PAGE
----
O’Malley’s Special Interest Shindig

Despite attacking opponent for lobbyist ties, O’Malley cozies up to moneyed interests

Martin O'Malley

Former Maryland Gov. Martin O'Malley / AP


Democratic Maryland Gov. Martin O’Malley’s Leadership PAC, "O’Say Can You See," will hold a fundraiser on Dec. 10 in the Chevy Chase home of lobbyists Mike Smith and Amy Tejral, according to Politico.

The invitation says Bruce Caswell, David Casey, Jeremy Gold, Gov. Jim Hodges, Paul DiNino, Mike Smith, and Amy Tejral are hosting the event.

The fundraiser’s guest list is ironic, given O’Malley’s accusation during his gubernatorial campaign that his Republican challenger was a lobbyist with deep ties to special interests. The Washington Post dismissed the attack at the time; now O’Malley is poised to collect big money from lobbyists and special interests outside of Maryland.

Married in 2009, Smith and Tejral are well-connected D.C. lobbyists. According to the Center for Responsive Politics, the couple has contributed at least $500,000 to Democratic candidates and committees.

Tejral has more than a decade of experience working in federal, state, and local government offices. She served as the legislative director for Nebraska Sen. Ben Nelson before joining Avenue Solutions, an "all-female, all-Democratic [lobbying] firm," in 2007. Avenue Solutions boasts about using their "wealth of experience, relationships, and seasoned political judgment to help clients communicate effectively with Democrats on Capitol Hill and achieve their goals.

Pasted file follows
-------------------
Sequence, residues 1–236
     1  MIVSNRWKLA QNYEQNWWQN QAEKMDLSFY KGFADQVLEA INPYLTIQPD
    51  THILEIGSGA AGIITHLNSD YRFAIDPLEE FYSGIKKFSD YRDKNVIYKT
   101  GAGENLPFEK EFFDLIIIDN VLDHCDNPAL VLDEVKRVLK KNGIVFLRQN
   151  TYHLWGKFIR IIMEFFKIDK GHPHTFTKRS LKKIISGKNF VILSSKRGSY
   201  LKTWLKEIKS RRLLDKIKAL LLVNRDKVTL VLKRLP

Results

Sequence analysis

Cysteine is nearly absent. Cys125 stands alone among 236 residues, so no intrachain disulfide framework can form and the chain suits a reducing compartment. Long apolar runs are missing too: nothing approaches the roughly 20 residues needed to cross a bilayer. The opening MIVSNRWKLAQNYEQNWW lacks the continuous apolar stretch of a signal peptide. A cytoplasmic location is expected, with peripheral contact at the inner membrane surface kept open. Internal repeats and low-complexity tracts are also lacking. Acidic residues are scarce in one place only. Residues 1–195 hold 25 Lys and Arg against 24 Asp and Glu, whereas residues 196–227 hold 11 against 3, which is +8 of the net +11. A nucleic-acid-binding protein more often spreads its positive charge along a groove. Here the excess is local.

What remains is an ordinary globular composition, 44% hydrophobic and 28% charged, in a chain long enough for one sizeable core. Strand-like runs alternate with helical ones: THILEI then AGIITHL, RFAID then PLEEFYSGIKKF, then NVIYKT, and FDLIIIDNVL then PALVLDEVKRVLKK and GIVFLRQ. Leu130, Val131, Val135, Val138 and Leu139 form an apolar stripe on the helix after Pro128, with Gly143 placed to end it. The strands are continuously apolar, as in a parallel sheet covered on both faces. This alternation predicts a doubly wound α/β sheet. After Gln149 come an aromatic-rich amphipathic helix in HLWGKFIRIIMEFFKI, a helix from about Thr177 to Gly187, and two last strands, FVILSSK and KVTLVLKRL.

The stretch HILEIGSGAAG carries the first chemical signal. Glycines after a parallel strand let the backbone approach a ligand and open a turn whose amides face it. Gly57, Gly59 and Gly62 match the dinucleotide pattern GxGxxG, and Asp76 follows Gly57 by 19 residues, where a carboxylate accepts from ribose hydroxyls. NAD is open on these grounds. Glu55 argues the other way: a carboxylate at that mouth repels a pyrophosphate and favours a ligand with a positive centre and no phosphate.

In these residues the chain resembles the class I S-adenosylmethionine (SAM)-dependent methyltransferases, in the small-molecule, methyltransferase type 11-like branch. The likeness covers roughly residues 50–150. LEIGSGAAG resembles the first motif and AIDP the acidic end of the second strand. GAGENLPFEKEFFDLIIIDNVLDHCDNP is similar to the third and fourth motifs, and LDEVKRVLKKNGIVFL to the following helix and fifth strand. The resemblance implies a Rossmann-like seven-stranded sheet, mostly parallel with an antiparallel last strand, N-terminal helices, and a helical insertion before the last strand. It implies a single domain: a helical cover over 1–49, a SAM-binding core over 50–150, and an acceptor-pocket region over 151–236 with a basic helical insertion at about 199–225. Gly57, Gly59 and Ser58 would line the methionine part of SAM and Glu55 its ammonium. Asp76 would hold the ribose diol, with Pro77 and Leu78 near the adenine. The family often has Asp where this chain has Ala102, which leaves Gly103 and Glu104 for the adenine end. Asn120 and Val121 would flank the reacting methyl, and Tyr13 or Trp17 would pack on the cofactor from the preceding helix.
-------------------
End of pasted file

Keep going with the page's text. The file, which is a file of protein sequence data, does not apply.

Additionally, Smith has "more than a decade of experience," as a lobbyist with Cornerstone Government Affairs. Smith’s clients include the Spanish company Abengoa Solar, Inc., which paid Cornerstone at least $40,000 to lobby for renewable energy.

Abengoa Solar was one of two companies awarded a DOE grant worth nearly $2 billion. The House Committee on Oversight and Government Reform criticized the grant to Abengoa Solar and cited European investments that could drag down the company.

Paul DiNino is also a lobbyist with Cornerstone Government Affairs. He is the founder and president of DiNino Associates, LLC, "a full-service political consulting firm." Both firms have represented Maximus Inc., a Virginia-based health consulting firm.

At least 3 of the hosts are also associated with Maximus. Bruce Caswell is the president and general manager of the Health Services Segment at Maximus and David Casey is the chief marketing officer. Former South Carolina Gov. Jim Hodges represented Maximus at a Pfizer-sponsored dinner at the National Governors Association winter meeting in February.

Maximus has been scrutinized for questionable business practices in recent years. Maximus settled a Medicaid fraud lawsuit for $30.5 million in 2007. Maximus "neither admitted nor denied" federal allegations that they helped the District of Columbia’s Child and Family Services Agency file false Medicaid claims. The company did, however, "[accept] responsibility for the conduct of its employees."

Maximus failed to report errors with drug and alcohol screenings it was hired to preform on behalf of the California’s "diversion programs" in 2010. Maximus received $2.5 million per year to run the drug-testing program.

The testing was subcontracted to a Kansas-based lab that "used the wrong standard in assessing results" from December 2009 to August 2010. The "problem continued for 10 months," until California was alerted. An audit by the Department of Consumer Affairs found that Maximus failed to consistently report positive drug tests to the appropriate board in a timely manner.

Most recently, Maximus paid $50,000 to settle a disability discrimination lawsuit filed by the U.S. Equal Employment Opportunity Commission.

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